Now that the bodice is done I hope to finish the dress this week, as the shirt will be easy. I have finished all the undergarments to go under the dress - a corset, a chemise, a pair of drawers, a ruffled petticoat - except for one, a corded petticoat, the precursor of the metal hoop skirt. So this week I shall attempt to make that as well. Then, I will try to figure out where I shall wear this dress, after all the work I've put into it. Any suggestions?








Saturday, October 11, 2014

Dress under way!

I'm finally making progress on my purple plaid wool dress, rather than just dreaming of it!!
It took longer than I expected it to for me to get the mock-up to fit right, because of course the measurements on the envelope that are supposed to correlate with each size don't actually correlate with that size. For the first mock-up I cut out the size that went along with my measurements when I'm wearing the corset I'll be wearing under the dress. That was way too big. I then cut out another mock-up 4 sizes smaller, and it almost fit, but I still had to take it in some. Finally, with a ton of help from my mom, the mock-up fit perfectly, so. . .
This week I got the dress cut out!!!!

Then I marked where the darts were supposed to be on the bodice and where all the pleats were supposed to be on the bodice overlay and upper sleeves


For that I used wax that disappears when you iron over it, so today I pressed all the pleats into place and no more white marks on my fabric! 

(although I may have a few burnt fingertips, but aren't all those little bitty pleats pretty!)

Then I actually got to start sewing! Yards and yards of piping. . .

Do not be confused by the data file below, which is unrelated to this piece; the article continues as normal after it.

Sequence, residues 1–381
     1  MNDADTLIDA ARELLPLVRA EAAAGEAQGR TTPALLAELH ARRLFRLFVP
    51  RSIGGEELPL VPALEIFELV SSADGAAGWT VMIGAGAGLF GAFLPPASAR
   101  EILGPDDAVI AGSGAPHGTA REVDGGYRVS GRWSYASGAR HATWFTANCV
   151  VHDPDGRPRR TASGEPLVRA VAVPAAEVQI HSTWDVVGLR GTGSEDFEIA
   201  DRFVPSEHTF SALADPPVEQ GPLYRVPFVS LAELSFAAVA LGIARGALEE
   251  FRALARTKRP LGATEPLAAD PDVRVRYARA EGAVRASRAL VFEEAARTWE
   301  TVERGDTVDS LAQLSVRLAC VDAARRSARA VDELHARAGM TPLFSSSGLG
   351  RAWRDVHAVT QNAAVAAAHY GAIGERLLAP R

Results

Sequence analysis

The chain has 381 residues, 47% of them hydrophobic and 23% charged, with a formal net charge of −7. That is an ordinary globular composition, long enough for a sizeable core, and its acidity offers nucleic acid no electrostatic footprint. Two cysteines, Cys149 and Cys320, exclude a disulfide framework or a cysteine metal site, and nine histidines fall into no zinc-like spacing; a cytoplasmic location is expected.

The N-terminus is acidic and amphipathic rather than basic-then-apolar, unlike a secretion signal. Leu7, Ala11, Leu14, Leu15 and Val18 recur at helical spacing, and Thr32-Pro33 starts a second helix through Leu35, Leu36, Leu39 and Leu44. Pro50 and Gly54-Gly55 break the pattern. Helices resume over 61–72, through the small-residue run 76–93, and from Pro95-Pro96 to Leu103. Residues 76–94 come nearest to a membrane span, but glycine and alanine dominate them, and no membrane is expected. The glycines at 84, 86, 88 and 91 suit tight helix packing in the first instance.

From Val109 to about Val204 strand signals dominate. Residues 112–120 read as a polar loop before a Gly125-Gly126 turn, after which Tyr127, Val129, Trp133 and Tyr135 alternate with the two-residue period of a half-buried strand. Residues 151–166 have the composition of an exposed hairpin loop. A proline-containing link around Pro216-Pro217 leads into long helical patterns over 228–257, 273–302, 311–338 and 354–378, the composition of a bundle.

I used cotton yarn for the filling of the piping, I was worried it might be a bit narrow, but it's the perfect width! 

Once that was done I started sewing the actual dress together.

Here's half of the back of the bodice, The plaid doesn't match up perfectly, but for my first time attempting to to match plaid I don't think I did to horribly.

I actually have monday completely, totally free (a very rare occurrence), so I'm looking forward to getting a lot done on this dress! Completed purple, plaid, wool, 1840 dress here I come!

Wednesday, October 1, 2014

What year is it?

In preparation for making my purple plaid dress I've been trying to find pattern reviews and such on the internet by people who have used the same pattern I'm using, Butterick B5832.

I haven't found much, except for a lot of people saying the pattern isn't historically accurate because it doesn't exactly match any fashion plates from one particular year. Apparently the dress can't be from the late 1830s because all the fashion plates from those years had very full lower sleeves, like this,

 where as the lower sleeves in the pattern are very slim fitting. This concerned me as I really wanted this dress to look historically accurate. I began to wonder if I should change the sleeves! So I starting looking at photos of actual dresses of the time, here are a couple I found
c.1837
The sleeves on this dress are very similar to the ones on the pattern!
c.1837
Those lower sleeves look pretty slim fitting to me!

Due to the slim fitting lower sleeves in some ways the dress seemed more similar to dresses from the early 1840s, than the late 1830s, except for one thing, all the fashion plates from the 40s showed a bodice that ending in a point at the waist, like this
While the fashion plains may have shown pointed waistlines for the era, it seems some people stuck with straight waistlines, for a little while at least, into the 1840s. 
  
c.1841
c.1840
Neither of these waistlines appear pointed to me!


The pleating on the bodice of the dress I'm making is asymmetrical, another unusual detail, but once again a historically accurate detail as shown in this original dress from c. 1838.

So no the dress I'm making isn't directly patterned after a fashion plate, but it is patterned after actual historical dresses of the time, which I believe is a much better indicator of what people actually wore. From looking at the actual dresses I figure my dress could have been worn any time between 1837 and 1842, but it is most similar to dresses between 1839 and 1841. 
One thing I will attempt to change on my pattern is where the sleeves sit. Through out most of the Victorian era the sleeves began off the shoulder, rather than right on the shoulder as they do now, so in an effort to make my dress as historically accurate as possible I will try to make my sleeves sit a little lower. Now, on to actually working on this dress rather than just talking about it!!!